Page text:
Finland Beats China, Wins Women's Bronze
By David Ginsburg
Tuesday, February 17, 1998; 2:56 a.m. EST
NAGANO, Japan Perhaps Finland will one day challenge for world supremacy in women's hockey. For now, the Finns will have to settle for third place behind Canada and the United States.
Finland won the bronze medal Tuesday, using a three-goal second period to defeat China, 4-1. The Finns entered the first Olympic women's hockey tournament with hopes of playing for the gold, but instead ended up in their customary spot behind the two hockey powers.
Finland has finished third in all four Women's World Championships since 1990, and things were no different in Nagano. The Finns lost only twice to Canada and the United States, teams they have never beaten in international tournaments.
So, after being forced to once again play for third place, the Finns made the best of the situation against a team they defeated 6-1 just three days earlier in the final game of the preliminary round.
Trailing 1-0 after one period, Finland seemed to get a boost from injured star Tiia Reima, who sat out Saturday's game against China with a separated shoulder and watched the first 20 minutes of the bronze-medal game from the bench. Shortly after Reima skated onto the ice in the second period, Finland got goals by Sari Fisk, Johanna Ikonen and Sanna Lankosaari and took command.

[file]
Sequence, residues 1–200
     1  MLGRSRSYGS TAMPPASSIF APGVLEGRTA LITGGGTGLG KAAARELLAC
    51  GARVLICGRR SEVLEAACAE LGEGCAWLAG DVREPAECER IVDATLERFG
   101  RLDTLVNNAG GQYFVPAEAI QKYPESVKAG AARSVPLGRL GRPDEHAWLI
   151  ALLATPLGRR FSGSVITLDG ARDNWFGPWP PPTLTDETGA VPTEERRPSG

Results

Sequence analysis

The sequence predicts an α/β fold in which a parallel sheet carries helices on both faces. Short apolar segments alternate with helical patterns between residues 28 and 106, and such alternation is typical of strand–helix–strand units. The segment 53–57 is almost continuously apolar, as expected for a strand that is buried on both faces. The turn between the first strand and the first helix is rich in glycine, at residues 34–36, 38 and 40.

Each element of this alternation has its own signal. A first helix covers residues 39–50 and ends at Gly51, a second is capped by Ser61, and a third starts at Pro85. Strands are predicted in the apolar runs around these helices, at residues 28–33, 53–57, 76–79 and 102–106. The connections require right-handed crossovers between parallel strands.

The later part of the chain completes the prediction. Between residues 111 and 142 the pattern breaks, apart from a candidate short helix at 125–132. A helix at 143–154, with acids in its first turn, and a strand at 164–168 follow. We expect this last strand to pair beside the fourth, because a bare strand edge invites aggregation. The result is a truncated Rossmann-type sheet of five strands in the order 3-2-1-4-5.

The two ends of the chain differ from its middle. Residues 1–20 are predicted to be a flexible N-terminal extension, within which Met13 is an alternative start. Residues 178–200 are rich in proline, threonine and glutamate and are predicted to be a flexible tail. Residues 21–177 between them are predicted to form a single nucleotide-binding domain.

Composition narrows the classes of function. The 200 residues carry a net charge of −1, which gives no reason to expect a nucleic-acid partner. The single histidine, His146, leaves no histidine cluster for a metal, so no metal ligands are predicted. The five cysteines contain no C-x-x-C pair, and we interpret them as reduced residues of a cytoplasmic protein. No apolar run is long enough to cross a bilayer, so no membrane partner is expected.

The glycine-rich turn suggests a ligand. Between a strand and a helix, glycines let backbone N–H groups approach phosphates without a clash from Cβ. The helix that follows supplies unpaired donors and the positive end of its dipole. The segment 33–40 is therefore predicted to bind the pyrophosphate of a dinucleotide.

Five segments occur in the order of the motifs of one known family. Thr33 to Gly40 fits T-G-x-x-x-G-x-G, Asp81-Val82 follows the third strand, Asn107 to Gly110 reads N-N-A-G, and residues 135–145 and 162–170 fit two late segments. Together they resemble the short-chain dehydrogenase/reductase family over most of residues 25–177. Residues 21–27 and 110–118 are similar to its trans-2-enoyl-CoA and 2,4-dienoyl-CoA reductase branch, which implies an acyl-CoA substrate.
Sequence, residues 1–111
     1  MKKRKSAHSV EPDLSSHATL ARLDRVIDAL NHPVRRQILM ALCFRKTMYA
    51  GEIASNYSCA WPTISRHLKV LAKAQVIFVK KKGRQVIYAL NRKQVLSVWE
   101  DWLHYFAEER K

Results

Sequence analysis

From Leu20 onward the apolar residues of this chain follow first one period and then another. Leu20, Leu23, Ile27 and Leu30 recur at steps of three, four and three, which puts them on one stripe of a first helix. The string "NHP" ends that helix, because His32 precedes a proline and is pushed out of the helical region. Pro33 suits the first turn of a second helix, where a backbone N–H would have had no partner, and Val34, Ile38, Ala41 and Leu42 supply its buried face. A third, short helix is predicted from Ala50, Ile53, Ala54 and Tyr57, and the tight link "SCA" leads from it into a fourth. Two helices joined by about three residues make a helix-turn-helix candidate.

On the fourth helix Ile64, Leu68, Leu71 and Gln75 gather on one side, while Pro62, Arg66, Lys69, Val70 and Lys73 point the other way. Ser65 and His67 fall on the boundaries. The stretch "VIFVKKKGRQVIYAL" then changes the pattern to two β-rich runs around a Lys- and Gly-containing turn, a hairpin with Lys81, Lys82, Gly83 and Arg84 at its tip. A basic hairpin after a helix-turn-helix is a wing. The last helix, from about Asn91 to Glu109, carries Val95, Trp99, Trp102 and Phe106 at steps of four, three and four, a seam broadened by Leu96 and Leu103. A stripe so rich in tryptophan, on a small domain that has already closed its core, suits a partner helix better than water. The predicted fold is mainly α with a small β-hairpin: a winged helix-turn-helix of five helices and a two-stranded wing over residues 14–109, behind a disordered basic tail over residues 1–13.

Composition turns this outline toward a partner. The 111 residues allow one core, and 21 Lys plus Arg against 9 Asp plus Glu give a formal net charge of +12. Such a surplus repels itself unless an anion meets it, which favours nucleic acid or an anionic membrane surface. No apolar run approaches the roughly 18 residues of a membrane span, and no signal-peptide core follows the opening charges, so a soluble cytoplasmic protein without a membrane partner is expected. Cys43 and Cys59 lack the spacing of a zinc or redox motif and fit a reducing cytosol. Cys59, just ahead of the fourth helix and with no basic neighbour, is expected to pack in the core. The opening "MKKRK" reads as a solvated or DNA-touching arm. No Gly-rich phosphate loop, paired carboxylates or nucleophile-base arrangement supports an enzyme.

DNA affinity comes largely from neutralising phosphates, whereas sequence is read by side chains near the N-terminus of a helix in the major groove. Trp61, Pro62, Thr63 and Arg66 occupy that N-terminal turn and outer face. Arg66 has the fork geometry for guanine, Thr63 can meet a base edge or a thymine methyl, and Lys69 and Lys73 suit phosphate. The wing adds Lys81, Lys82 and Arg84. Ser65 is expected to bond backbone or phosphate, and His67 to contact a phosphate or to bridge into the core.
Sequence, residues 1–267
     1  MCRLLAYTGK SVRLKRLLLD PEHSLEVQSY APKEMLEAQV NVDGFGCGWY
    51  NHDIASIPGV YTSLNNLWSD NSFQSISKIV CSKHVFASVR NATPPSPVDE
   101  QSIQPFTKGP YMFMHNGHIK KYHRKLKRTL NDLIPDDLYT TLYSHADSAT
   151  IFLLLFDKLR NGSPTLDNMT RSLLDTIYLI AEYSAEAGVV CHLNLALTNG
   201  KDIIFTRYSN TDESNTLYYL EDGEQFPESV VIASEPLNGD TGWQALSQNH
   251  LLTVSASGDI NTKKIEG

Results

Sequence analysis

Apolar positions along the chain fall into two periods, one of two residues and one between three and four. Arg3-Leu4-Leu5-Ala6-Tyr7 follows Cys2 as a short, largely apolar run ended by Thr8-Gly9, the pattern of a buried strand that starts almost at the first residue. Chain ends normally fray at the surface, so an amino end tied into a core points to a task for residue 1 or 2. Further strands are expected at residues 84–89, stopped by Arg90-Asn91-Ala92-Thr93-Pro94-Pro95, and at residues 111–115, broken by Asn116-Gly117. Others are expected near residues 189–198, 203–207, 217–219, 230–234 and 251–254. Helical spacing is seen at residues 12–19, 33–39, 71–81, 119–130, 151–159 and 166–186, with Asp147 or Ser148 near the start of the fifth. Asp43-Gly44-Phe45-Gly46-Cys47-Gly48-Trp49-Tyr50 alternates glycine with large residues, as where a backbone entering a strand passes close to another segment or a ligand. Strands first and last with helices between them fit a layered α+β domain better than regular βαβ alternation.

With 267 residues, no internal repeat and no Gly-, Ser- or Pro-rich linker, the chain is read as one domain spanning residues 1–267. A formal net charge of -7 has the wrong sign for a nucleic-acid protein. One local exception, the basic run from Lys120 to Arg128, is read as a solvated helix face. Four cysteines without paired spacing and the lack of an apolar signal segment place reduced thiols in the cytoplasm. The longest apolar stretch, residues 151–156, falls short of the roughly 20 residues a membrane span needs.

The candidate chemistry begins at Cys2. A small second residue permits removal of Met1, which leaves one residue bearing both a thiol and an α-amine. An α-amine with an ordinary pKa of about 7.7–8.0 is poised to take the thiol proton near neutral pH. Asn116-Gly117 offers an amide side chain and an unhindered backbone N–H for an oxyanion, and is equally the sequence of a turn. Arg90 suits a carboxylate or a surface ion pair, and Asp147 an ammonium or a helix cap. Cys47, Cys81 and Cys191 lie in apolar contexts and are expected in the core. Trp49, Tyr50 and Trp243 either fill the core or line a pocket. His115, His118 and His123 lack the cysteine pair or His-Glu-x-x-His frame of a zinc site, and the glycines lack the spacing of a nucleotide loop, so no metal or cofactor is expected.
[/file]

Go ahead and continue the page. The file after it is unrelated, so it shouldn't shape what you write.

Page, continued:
Fisk scored in the slot at 3:07 after taking a nice pass from Riikka Nieminen, who took the puck off the backboards. Ikonen put the Finns ahead for good at 7:08 with a slap shot from the left circle, and Lankosaari made it 3-1 three minutes later by converting a centering pass from Katja Rippi, who delivered the puck on the fly from the left side.
That pretty much doomed the Chinese to fourth place, an unfamiliar position. China finished fourth behind Canada, the United States and Finland in the world championships in 1994 and 1997.
Nieminen scored into an empty net with eight seconds left. China managed only nine shots on goal, two in the third period.
Reima re-injured her shoulder after being dropped to the ice by a check from Yang Xiuquing with 9:22 remaining. Reima immediately went to the dressing room and watched the final minutes in street clothes.
Yang was called for interference, one of only four penalties called in the game all against China.
Yang put China ahead at 9:07 of the first period with a fine bit of skating and stickwork. Yang skated down the left side, whisked past defenseman Marja-Helena Palvila inside the blue line and got within 5 feet of the net before sliding a backhander past goalie Tuula Puputti.
NHL star Wayne Gretzky watched the final minutes of the period in an open space between the benches and nodded to the players as they left the ice.
© Copyright 1998 The Associated Press
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